Now, many health practitioners and volunteers participate in programs to raise awareness of STDs to help those infected better understand their infection. These efforts have paid off, and since 1999, chlamydia infections have dramatically decreased. With the help of counseling, now 85% of people are aware of the existence of STDs, and many of them have access to adequate treatment.
Why Is Chlamydia Still a Serious Problem in Africa?
For many years, the world has had access to proper STD treatments and preventive methods, but in Africa, these bacterial infections still remain a pressing concern. Based on records, Africa is the number one most infected region with STDs. It’s so prevalent that 14 million children have lost one or both of their parents due to these infections.
There are four major reasons that hinder the effects of STD treatment programs in Africa, and these are:
- Inadequate Infrastructure
- Lack of funding
- Insufficient workforce specifically trained to adapt to this environment
Many infected have yet to try to manage their disease or attend programs. Most of the people who don’t get counseling, medications, or don’t use preventions are males. Results have shown that these programs and coverages are not enough to control the epidemic.
Most of the population in Africa is poor and can’t afford any vaccines or medications for treatment. Also, health facilities that offer chlamydia treatment services are far away from rural neighborhoods and are often situated near more populated cities or towns. This makes the facilities less accessible for a huge percentage of the infected population.
But, even if all individuals had access to these treatment facilities, health practitioners will often face one major problem, and that is the discriminatory law.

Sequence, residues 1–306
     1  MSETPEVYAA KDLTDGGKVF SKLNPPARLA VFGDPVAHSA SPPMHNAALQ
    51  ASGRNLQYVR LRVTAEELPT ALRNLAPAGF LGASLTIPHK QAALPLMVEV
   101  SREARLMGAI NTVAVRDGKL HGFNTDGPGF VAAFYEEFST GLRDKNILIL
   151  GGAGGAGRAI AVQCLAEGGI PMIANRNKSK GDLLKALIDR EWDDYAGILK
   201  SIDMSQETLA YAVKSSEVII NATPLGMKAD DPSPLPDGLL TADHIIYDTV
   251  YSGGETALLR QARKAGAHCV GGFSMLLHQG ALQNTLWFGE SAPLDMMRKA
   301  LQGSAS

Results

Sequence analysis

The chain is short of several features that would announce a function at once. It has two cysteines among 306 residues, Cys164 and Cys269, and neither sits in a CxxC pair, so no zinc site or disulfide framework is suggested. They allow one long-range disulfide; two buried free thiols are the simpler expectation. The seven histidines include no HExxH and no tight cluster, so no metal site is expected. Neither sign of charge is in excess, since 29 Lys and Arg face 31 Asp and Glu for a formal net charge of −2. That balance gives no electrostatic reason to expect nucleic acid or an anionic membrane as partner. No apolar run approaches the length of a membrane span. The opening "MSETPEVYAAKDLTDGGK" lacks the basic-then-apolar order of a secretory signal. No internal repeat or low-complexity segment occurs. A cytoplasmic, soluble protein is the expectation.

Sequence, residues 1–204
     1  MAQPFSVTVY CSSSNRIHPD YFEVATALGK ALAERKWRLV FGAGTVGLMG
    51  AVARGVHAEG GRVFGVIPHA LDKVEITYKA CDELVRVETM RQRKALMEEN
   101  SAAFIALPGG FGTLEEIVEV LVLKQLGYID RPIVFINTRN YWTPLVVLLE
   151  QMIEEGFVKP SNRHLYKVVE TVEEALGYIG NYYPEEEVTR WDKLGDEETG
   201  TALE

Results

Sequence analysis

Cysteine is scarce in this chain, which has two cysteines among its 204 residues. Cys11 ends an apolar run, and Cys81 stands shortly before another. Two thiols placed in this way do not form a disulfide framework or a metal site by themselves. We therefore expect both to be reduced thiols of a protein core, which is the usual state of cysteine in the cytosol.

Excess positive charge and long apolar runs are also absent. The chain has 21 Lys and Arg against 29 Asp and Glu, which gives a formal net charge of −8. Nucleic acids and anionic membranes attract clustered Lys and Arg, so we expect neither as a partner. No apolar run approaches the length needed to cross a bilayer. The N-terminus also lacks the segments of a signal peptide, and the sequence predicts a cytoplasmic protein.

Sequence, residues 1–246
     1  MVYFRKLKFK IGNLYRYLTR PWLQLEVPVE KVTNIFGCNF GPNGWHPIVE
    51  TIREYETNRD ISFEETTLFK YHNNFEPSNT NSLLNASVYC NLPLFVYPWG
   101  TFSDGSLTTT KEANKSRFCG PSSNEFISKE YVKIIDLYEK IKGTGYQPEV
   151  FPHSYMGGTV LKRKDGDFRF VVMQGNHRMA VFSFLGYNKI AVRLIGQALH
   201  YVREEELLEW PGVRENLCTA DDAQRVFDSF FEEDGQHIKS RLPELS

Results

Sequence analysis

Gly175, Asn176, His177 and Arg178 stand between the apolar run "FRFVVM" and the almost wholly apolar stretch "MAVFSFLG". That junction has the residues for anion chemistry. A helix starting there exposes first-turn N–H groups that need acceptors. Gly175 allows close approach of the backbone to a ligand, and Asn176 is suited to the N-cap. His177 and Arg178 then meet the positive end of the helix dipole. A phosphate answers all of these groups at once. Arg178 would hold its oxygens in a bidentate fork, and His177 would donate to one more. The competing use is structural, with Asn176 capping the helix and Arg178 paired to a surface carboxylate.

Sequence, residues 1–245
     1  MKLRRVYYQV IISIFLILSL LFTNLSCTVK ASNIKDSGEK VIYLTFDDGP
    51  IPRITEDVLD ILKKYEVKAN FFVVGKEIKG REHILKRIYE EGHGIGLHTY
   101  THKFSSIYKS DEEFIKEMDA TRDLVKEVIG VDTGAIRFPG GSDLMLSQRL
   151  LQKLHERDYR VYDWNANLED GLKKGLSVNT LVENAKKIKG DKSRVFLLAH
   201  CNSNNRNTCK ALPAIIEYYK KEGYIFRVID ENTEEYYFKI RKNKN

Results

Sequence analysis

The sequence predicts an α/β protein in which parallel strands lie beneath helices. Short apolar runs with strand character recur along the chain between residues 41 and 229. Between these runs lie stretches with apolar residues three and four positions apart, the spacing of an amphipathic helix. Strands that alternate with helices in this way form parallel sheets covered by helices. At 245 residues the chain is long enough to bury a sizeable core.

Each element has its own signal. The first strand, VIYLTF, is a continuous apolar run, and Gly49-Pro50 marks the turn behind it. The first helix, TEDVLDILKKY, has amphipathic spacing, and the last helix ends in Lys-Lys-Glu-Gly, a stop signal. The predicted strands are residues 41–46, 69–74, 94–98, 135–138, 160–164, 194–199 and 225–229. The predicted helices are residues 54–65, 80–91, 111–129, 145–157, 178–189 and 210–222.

People who live in Africa are very discriminating towards individuals who are found HIV positive or carry any STDs. Those who carry the infection and publically announce it can get humiliated in front of their village or tribe. Based on statistics, women often carry the blame for spreading infection, such as chlamydia, regardless of who actually transmitted the infection.
Out of fear of being tested positive, those infected would avoid getting tested or receive proper treatment. This is something many health practitioners are unequipped to deal with.
Chlamydia has a long history, particularly in Africa
Africa has long been the most infected continent with sexually transmitted infections like chlamydia. Due to poverty, lack of information, proper education, medical facilities, and treatments, these infections have become an epidemic. This is how the bacterial infection has affected the entire continent and how it’s managed today.
To cope with such a serious problem, people should first learn about these infections. That way, they can overcome the discrimination and prejudice they have about these infections. However, this is something that can prove difficult in the African region. Despite the success in treating these infections, chlamydia still remains a serious issue for most of the population.